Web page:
History was made on the weather front in 2016 when it became the warmest year on record. Multiple climate-related records were broken last year, according to the annual climate statement of the UN’s weather agency, the World Meteorological Organisation (WMO).
According to the WMO’s new report, 2016 – the same year world leaders signed the historic Paris Agreement on climate change – was 1.1 °C above the pre-industrial period. That number is 0.06 °C above the previous record set in 2015.
Carbon dioxide in the atmosphere again reached record highs, while sea surface temperatures were the warmest on record. Warm oceans also contributed to “significant coral bleaching and mortality”.
2016 also saw severe drought in southern Africa and significant flooding in China’s Yangtze basin, while extreme heat was recorded in areas such as south Asia and parts of the Middle East.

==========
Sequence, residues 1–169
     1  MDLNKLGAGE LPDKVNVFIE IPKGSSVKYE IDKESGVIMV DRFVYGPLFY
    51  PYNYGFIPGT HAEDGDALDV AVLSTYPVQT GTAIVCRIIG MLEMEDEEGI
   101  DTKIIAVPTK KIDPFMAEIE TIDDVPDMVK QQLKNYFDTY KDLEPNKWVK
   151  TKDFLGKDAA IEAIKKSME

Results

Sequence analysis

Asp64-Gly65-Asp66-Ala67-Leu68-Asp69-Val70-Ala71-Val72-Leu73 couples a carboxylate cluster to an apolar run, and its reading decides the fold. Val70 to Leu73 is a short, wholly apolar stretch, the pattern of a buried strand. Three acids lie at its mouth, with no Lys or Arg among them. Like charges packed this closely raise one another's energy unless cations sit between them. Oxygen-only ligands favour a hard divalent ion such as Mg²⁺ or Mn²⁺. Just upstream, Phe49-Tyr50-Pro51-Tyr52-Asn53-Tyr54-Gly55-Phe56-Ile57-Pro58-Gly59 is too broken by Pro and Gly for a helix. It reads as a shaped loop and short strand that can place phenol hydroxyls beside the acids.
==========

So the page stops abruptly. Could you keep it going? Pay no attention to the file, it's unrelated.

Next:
As well as the impact of long-term climate change, 2016 was significantly warmer as a consequence of a major El Niño event.
El Niño also meant global sea levels ‘rose very strongly’, while an ‘unprecedented anomaly’ – more than 4 million km2 below average – was recorded in the global sea ice level in November.
The WMO report also warns that extreme climate conditions are continuing into this yer.
The Arctic has experienced the ‘Polar equivalent of a heatwave’ at least three times this winter.
Thousands of warm temperature records were broken or tied in the US last month, while other parts of the world – such as North Africa and the Arabian peninsula – were unusually cold in the first months of this year.
World Climate Research Programme Director David Carlson said: “Even without a strong El Niño in 2017, we are seeing other remarkable changes across the planet that are challenging the limits of our understanding of the climate system.
“We are now in truly uncharted territory,” he added.